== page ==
Melbourne Cricket Ground
Day-night Tests have become an integral part of Australian seasonReuters

The relations between Board for Control of Cricket in India (BCCI) and Cricket Australia (CA) have become strained over the last few months. The Indian board flexed its muscle and got its Australian counterpart to take the unprecedented step of organising an away tour in the middle of the Australian season – to India.

But there is more than scheduling that has been keeping the two boards apart. There are no Australian cricketers taking part in the ongoing Women's T20 challenge in India. This too was a result of tensions between the two bodies.

Disagreement over D/N Test

Two senior officials of the CA – chairman Earl Eddings and chief executive Kevin Roberts – are coming to India for holding talks with the BCCI and improving relations. While there would be many issues that will be brought up, the matter of Australia playing day-night Tests against India might be among the trickiest.

Day-night Tests have been a regular part of the Australian season ever since their introduction in 2015 during the series against New Zealand. CA wanted one of the four Tests against India played in the last season to be a day-night affair as well. But the Indians rejected the proposal due to worries about the home team getting too much of an advantage.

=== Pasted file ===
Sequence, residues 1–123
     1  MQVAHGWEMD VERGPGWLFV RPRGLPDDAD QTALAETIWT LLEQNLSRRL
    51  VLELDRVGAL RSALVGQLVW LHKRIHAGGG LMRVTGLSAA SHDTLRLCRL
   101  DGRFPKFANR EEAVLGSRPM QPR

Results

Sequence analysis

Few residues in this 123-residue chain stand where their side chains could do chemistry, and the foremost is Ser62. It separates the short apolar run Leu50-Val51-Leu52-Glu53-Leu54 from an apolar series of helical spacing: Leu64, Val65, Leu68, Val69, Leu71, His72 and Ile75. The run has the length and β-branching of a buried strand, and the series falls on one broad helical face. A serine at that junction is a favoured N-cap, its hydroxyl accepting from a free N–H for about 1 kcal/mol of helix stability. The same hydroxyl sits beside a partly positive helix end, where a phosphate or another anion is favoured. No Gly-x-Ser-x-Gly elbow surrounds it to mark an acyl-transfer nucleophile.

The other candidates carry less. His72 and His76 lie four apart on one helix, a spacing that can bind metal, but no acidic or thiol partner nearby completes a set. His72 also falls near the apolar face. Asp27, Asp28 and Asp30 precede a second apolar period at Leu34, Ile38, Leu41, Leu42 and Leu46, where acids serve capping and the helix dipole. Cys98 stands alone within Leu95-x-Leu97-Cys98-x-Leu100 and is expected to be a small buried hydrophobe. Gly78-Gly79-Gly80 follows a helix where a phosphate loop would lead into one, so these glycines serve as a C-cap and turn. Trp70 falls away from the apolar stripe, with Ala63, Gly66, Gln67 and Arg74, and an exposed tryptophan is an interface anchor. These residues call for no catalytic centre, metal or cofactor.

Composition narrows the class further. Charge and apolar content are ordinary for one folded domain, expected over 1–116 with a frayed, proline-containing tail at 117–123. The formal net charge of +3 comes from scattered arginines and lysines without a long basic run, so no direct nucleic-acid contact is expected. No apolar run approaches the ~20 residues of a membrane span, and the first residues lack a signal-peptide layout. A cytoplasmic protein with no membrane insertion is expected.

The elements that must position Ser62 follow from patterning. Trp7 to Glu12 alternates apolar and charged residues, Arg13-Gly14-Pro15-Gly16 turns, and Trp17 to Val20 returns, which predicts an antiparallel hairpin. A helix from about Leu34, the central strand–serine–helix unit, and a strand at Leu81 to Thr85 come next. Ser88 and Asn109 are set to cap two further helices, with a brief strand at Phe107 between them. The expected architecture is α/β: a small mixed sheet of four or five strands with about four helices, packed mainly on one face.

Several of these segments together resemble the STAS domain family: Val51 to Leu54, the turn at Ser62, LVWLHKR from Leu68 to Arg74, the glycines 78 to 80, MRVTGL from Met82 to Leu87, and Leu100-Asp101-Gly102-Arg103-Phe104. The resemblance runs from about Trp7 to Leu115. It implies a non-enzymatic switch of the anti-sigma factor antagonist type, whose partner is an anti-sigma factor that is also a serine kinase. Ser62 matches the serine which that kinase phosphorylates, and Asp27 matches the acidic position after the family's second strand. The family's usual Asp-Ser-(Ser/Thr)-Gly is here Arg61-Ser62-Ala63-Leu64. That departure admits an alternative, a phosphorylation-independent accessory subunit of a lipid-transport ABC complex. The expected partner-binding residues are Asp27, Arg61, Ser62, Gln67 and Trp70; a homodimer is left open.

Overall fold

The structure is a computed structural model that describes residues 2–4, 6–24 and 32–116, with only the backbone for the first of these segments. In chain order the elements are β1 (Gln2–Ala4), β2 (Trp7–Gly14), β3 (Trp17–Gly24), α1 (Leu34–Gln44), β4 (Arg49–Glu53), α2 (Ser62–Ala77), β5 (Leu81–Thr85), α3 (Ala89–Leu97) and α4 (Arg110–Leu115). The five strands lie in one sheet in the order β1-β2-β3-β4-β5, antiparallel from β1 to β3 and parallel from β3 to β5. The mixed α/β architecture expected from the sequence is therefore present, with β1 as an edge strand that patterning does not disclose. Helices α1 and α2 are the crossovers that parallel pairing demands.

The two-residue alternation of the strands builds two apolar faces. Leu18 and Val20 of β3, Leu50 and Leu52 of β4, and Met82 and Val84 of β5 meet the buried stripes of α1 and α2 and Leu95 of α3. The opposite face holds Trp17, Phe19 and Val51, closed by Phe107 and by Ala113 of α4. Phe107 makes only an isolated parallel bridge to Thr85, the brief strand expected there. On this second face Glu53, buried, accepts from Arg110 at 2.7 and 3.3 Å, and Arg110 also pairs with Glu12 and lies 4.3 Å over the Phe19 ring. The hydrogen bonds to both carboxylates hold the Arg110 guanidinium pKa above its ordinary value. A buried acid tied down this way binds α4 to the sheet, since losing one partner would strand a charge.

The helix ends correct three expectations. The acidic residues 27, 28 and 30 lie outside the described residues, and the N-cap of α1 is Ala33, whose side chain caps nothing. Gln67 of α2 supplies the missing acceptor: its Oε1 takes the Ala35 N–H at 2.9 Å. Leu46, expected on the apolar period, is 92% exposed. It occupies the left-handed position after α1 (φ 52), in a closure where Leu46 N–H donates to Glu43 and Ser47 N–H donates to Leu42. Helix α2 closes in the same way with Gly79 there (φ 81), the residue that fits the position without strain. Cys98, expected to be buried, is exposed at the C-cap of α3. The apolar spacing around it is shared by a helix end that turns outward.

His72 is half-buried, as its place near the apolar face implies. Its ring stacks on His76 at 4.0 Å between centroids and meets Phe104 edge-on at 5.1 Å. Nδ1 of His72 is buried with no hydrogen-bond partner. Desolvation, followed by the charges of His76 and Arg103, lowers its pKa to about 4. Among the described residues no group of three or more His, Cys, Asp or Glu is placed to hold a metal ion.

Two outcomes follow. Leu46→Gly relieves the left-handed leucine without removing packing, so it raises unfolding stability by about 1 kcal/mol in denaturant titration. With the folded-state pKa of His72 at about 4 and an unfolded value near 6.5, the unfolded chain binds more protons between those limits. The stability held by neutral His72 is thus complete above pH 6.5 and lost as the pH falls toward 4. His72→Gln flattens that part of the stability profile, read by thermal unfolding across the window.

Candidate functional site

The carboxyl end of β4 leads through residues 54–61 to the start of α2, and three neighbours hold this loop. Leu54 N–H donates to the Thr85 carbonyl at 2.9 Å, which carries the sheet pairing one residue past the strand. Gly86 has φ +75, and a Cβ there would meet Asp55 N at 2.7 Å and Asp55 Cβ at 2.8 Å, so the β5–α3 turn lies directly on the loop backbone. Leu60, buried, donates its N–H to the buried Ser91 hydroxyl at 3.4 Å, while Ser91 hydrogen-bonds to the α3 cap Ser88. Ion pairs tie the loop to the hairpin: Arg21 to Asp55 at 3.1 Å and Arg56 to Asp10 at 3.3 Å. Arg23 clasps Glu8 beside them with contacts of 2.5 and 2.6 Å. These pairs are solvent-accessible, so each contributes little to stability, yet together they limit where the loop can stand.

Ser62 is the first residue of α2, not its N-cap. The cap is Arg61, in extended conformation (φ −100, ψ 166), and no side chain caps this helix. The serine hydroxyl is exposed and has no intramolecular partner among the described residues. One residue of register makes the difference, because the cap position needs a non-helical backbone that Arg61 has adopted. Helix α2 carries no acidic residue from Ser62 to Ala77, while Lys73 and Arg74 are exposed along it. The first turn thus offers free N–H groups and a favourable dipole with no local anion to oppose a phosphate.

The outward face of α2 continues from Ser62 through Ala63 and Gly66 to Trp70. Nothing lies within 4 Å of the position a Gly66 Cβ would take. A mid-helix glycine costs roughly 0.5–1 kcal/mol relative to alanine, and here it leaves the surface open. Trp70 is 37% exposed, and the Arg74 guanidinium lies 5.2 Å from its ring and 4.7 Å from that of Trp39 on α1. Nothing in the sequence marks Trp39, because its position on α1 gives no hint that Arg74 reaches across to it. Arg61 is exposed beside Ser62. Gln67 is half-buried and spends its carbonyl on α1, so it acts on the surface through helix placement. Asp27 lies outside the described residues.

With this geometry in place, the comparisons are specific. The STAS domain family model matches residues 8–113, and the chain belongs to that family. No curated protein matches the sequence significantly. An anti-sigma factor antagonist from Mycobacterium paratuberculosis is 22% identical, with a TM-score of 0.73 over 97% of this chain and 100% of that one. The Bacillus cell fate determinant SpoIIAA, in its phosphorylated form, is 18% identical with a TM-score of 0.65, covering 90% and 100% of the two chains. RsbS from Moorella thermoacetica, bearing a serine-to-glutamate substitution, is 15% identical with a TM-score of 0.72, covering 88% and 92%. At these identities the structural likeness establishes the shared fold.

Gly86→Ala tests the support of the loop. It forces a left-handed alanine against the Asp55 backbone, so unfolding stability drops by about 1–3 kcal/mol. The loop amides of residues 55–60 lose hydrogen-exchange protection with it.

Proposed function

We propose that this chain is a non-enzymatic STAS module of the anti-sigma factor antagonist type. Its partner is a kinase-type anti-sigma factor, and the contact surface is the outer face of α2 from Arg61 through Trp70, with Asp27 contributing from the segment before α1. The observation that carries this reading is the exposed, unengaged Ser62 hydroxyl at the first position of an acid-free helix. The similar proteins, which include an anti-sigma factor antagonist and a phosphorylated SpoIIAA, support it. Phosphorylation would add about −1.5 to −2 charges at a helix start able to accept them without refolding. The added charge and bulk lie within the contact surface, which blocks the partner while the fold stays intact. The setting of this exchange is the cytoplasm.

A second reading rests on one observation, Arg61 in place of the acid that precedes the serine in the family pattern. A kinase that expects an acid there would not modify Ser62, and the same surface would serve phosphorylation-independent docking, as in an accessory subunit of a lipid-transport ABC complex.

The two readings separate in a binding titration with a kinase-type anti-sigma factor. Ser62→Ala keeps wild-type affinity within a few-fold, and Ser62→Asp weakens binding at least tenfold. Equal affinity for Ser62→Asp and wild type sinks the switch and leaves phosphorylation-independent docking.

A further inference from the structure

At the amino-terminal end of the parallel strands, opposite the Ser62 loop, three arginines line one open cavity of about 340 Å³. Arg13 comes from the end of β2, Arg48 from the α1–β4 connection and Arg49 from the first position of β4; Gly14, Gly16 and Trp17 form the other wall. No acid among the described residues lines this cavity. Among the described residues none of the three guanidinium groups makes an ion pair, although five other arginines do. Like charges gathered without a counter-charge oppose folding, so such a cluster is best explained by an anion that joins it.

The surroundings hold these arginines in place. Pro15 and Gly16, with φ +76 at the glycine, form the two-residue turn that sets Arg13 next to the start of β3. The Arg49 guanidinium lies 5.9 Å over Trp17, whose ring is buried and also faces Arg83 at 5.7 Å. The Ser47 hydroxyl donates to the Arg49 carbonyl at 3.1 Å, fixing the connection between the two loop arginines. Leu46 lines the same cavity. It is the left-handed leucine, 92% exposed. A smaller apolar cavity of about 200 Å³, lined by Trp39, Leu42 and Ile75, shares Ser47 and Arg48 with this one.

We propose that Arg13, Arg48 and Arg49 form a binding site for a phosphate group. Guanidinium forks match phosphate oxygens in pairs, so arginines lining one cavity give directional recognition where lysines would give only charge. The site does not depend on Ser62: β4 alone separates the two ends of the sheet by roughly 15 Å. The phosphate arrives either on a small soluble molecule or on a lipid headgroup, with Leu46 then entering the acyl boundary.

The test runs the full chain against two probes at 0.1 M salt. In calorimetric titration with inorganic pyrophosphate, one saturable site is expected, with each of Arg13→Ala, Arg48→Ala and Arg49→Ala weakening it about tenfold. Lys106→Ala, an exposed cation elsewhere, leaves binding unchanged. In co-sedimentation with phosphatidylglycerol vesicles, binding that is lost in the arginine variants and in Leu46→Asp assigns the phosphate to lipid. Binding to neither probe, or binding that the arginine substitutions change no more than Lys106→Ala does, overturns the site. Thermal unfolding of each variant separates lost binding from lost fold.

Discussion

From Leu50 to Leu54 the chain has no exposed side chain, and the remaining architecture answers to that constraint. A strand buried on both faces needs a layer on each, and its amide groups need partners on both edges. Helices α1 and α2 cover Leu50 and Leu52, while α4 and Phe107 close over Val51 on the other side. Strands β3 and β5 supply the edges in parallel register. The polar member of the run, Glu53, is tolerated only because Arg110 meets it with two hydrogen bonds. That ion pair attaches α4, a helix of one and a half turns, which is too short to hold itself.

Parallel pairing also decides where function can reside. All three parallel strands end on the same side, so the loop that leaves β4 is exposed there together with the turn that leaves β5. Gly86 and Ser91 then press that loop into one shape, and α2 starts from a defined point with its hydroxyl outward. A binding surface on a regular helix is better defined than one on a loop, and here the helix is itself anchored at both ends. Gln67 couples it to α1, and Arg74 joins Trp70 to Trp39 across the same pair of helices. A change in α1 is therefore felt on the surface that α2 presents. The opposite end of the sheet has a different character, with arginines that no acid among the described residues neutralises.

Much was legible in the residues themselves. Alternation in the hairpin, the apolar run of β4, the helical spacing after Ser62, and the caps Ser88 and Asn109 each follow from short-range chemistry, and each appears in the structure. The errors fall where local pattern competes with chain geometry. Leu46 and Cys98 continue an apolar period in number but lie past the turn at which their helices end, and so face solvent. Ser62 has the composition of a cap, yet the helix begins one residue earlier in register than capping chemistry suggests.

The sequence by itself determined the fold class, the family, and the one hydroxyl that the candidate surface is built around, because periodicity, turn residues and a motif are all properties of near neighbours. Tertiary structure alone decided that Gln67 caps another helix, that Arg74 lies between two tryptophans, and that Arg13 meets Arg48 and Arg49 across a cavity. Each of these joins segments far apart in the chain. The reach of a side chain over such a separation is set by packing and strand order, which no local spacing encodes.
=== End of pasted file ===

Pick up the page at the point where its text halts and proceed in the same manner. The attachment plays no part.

India Cricket team Virat Kohli
Indians didn't play any day-nighters in their last Test series in OzMark Kolbe/Getty Images

However, the Australians are hopeful that they would get BCCI to agree to playing a day-nighter on their next tour of the country, set to take place during 2020/21 season. This won't be easy for the two-member delegation. Considering India's clout and the vulnerability shown by the team in swing-friendly conditions during their tour of England last year, Aussies will have a hard time getting them to agree.

Characteristics of D/N Tests in Oz

All day-night Tests held so far in Australia have been highly favourable to swing bowlers due to the propensity of the pink ball to move in the air. But, unlike the very first day-nighter in Australia, played at the Adelaide Oval, where the ball swung so viciously that the match ended in less than three days, the subsequent matches saw an exciting contest between bat and ball.

Besides, India now possess a very capable bowling attack that can exploit seamer-friendly conditions as well as any other line-up. So, there is a possibility that BCCI may relent and let the Australians have their wish. Then again, the Aussies have won all five day-night Tests they have hosted – including against teams like South Africa and England. So, getting the Indians to concede such a big advantage may prove a tough task.